Background and Threats
Fish stocks have dropped drastically due to unsustainable fishing practices, inadequate regulations and a lack of marine protected areas continue to worsen the situation.
Taking actions and restoring our marine ecosystem is the only way to prevent a widespread collapse of fish stocks and achieve sustainable fisheries.
Save Our Seas
To read more about the campaign success, click here.
A large contributor to the unsustainable fishing practices in Hong Kong is the fact that fishing is largely unregulated. Vessels are not required to have a fishing license, there is no limitation on number of fishing vessels and operations which continue to use destructive methods such as trawling. WWF maintains dialogue with the Hong Kong Government to properly address this problem and institute sustainable fisheries management.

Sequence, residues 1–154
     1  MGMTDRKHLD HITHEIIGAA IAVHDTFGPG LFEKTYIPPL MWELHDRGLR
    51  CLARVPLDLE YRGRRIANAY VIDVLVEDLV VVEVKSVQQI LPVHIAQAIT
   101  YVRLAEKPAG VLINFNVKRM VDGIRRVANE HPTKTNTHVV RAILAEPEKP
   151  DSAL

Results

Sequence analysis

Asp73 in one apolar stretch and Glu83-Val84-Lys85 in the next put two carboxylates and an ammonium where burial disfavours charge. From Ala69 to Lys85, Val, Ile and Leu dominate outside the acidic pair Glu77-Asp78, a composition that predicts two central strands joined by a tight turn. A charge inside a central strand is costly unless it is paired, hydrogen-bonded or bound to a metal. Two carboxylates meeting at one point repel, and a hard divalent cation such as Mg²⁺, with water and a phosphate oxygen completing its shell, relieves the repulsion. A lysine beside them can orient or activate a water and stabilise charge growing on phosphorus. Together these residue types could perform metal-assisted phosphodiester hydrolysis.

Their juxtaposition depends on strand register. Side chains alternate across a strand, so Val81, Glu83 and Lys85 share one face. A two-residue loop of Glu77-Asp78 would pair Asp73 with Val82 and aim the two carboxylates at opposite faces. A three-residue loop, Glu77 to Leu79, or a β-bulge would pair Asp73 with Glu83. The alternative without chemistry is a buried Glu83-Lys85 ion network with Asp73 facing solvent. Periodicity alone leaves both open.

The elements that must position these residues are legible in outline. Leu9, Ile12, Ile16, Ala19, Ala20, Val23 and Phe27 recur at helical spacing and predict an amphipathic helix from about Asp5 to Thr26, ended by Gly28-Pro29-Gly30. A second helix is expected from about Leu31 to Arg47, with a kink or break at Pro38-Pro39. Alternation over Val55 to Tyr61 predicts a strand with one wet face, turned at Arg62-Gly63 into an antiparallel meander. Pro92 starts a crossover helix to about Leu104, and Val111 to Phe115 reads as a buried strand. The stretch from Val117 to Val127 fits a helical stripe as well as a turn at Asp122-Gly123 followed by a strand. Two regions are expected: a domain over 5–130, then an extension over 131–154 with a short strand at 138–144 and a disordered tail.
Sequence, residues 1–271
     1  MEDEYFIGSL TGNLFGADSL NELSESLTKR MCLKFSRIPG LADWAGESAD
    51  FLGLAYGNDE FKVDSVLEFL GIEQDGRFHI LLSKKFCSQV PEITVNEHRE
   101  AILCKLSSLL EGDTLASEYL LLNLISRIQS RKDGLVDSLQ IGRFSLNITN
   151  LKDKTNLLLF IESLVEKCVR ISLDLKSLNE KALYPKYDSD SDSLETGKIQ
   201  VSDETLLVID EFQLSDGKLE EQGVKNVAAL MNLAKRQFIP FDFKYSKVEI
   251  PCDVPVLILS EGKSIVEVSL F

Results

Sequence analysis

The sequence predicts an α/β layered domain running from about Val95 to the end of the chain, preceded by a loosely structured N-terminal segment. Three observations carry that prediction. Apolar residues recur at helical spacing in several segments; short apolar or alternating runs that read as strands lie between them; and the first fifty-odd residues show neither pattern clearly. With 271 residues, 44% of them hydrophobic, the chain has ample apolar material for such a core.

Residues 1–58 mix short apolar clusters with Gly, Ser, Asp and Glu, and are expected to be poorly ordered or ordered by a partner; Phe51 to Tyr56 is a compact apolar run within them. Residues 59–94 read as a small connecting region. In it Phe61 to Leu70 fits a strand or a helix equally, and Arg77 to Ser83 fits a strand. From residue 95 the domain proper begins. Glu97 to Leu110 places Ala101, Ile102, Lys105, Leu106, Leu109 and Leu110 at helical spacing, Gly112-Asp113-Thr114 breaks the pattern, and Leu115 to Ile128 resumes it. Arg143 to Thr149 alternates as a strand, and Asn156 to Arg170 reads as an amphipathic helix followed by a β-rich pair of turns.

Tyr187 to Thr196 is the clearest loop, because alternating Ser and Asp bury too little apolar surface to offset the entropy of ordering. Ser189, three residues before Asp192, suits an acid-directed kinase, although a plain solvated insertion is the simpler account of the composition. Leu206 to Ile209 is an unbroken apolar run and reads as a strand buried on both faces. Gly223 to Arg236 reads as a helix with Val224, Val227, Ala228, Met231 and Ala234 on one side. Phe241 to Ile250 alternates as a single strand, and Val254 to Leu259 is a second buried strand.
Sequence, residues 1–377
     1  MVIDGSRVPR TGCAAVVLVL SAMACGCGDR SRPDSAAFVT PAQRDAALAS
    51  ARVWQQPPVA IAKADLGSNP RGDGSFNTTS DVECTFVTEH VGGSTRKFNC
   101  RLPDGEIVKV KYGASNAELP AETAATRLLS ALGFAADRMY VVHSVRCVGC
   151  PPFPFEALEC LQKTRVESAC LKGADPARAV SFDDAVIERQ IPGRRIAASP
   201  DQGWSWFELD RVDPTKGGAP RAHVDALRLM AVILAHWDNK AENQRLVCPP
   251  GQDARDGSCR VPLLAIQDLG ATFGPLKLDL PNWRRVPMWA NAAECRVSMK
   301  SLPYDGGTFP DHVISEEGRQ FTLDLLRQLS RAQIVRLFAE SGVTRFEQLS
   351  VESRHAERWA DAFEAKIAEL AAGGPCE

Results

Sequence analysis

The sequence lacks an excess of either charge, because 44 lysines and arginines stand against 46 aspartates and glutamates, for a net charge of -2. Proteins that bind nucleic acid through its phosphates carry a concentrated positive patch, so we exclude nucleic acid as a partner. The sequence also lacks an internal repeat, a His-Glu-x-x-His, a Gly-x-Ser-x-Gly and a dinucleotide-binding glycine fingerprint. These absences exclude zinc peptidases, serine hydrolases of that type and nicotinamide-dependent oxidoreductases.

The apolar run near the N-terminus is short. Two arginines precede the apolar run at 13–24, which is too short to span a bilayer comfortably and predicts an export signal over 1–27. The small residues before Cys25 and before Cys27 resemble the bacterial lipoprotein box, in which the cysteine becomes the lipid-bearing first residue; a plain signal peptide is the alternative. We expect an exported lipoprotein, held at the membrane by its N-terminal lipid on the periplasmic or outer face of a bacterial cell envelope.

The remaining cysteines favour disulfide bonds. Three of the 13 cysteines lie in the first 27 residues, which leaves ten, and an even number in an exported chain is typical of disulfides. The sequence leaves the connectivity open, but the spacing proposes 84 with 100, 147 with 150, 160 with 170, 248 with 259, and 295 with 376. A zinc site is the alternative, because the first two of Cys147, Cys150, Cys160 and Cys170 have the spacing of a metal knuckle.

In order to maintain the economic stability of local fishermen, WWF recognizes the need to establish alternative livelihoods for those who make the switch from unsustainable fishing practices. WWF seeks government assistance in easing this transition by helping to convert their skills to new fields, making use of their marine knowledge to benefit the culture and economy of marine-based careers.
Marine Protected Areas
Research by WWF and other groups shows clearly that fish populations are not recovering in marine parks, even after 10 years of protection. WWF urgently calls for all fishing to be stopped in our marine parks, and for additional spawning and nursery areas in Port Shelter and Tolo Channel to be similarly protected, with the aim to protect 10% of Hong Kong waters.
WWF encourages the Hong Kong Government and local industries to effectively reduce harmful pollution output.
Read more about the Harbour Area Treatment Scheme (HATS).